“Wrong choice of candidate.”
That, according to Sangre Grande stalwart Terry Rondon, is what cost the People’s National Movement (PNM) the Sangre Grande Regional Corporation, which it had held since 2013 but lost on Monday in the 2019 local government election.
The PNM lost the Sangre Grande South-West seat.
“The people just did not vote for the candidate, but they are still PNM,” he said, adding: “Toco/Sangre Grande is still PNM territory.”
Responding to questions, Rondon, who is the outgoing chairman of the corporation, said Sangre Grande was by no means “a lost cause”.
He said he was a bit surprised by the loss of the corporation because a lot of work had been done, especially by the corporation.
“I think the cause of the loss was the wrong choice of candidate. We have to be very, very careful. This is a wake-up call for the party when we are choosing candidates. We must make sure that we go into the community and find someone whom the village holds the greatest respect for.
“When they come to Balisier House and face questions from the screening committee, and they win an election and they retire on the job and they don’t service the district, when the time comes to seek a new mandate again, the people have already made their mind up (not to support them) and this is what happened,” he said.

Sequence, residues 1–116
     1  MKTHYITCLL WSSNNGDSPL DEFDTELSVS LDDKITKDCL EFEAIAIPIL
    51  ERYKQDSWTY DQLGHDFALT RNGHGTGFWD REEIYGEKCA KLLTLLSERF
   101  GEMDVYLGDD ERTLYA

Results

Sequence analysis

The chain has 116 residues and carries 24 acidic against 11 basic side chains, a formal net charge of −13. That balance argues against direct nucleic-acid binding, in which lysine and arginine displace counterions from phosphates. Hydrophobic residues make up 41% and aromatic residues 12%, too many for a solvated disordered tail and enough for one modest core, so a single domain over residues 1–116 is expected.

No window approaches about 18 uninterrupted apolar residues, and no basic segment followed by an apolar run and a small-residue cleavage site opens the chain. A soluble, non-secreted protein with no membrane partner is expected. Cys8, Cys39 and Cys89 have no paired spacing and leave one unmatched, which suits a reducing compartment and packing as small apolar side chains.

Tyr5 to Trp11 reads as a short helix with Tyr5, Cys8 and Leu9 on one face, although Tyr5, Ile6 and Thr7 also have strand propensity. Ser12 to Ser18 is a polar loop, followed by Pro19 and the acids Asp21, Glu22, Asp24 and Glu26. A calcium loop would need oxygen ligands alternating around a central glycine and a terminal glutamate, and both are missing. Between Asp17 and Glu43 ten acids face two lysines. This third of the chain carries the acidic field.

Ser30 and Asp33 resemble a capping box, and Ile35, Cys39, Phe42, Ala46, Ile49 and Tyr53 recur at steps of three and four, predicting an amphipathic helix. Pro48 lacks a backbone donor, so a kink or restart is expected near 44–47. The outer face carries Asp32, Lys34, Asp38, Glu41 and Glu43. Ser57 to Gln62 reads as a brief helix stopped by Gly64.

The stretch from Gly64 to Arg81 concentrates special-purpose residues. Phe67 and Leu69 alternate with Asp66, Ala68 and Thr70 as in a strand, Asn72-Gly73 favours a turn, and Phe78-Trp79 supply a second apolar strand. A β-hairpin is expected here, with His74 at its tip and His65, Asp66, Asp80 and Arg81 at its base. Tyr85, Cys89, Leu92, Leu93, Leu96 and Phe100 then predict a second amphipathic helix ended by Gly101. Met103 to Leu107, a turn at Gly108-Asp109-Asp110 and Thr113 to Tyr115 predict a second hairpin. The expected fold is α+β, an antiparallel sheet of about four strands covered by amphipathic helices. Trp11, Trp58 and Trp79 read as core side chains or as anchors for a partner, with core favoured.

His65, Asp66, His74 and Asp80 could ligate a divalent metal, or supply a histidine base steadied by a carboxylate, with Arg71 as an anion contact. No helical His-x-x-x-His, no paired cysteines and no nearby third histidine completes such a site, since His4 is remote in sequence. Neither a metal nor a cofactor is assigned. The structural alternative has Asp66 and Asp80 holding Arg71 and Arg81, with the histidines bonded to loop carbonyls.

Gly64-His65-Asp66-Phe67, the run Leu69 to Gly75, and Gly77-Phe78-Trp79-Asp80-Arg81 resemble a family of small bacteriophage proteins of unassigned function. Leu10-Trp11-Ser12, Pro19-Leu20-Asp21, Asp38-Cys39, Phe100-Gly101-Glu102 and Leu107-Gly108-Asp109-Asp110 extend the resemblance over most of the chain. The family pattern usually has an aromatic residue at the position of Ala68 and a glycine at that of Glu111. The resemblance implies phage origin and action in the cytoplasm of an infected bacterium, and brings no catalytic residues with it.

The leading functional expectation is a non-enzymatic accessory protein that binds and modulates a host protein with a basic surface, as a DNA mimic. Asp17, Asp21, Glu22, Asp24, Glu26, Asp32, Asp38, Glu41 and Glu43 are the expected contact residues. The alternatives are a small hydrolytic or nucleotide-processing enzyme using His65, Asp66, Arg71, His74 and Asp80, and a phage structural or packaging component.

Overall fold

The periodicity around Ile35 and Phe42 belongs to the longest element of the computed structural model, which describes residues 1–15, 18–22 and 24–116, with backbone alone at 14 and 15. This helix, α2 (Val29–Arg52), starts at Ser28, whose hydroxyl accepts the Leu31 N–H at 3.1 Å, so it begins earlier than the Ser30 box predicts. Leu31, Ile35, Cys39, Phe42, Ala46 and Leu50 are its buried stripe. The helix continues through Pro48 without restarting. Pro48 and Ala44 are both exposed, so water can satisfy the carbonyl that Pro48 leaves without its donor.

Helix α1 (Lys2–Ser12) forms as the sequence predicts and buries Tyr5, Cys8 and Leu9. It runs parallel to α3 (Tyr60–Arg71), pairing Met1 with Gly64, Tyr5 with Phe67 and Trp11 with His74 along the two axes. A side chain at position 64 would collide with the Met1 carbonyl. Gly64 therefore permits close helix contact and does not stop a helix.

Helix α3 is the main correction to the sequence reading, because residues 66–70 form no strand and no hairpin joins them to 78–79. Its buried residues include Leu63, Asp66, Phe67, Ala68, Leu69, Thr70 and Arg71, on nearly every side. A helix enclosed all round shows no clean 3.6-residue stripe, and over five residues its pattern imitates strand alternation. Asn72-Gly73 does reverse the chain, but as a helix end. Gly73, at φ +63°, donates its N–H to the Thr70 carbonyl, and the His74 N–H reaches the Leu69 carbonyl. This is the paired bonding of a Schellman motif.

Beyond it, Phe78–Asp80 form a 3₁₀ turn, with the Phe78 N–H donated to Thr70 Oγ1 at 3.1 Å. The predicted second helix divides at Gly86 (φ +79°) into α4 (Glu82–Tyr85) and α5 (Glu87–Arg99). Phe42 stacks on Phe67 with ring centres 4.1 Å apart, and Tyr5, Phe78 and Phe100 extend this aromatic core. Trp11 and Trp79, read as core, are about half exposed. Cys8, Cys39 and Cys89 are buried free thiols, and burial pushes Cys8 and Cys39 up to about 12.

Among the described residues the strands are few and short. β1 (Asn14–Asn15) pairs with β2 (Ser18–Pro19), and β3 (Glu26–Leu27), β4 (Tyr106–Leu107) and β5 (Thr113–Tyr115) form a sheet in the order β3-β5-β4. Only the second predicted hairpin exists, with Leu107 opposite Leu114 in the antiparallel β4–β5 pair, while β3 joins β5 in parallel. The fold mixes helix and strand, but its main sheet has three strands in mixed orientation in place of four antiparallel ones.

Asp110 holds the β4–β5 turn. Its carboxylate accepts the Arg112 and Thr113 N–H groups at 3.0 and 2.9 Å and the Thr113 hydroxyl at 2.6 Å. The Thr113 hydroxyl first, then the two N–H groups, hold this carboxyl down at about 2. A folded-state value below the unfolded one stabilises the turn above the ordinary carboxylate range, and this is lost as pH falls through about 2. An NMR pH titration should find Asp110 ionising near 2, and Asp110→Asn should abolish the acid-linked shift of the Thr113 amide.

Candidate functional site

“The people were waiting for this time to come to illustrate their non-support of the candidate,” he said.
“I hope that my party takes heed,” said Rondon, who is a grassroots leader.
“Go out and get community leaders; let your selection be the community. They send that person and they would have the best reason why (they chose that community-oriented person).
Rondon said the Sangre Grande executive has to begin to do the groundwork to “correct what went wrong there” because the party has to retain the Sangre Grande seat in the next general election.
Petrotrin impact insignificant
Energy Minister Franklin Khan was asked yesterday whether the Petrotrin closure affected the PNM’s performance in South, particularly the San Fernando City Corporation.
Khan said the Petrotrin decision would have had some level of fall-out, but the party did not believe it played a significant role in the outcome of the local government election.
“It did have an impact in some of the southern areas, but it was not a significant impact. It was more about the voting patterns in the country. The area that was impacted the most by the Petrotrin restructuring was the county St Patrick, and we held on to all our seats in the Siparia corporation, which are Brighton/Vessigny, Palo Seco and Erin.
“We just lost Fyzabad slightly, but Fyzabad was always a very marginal seat. And we held on to Point Fortin, so the voting patterns in the country have not changed fundamentally, and that is the reality of Trinidad and Tobago politics,” he said.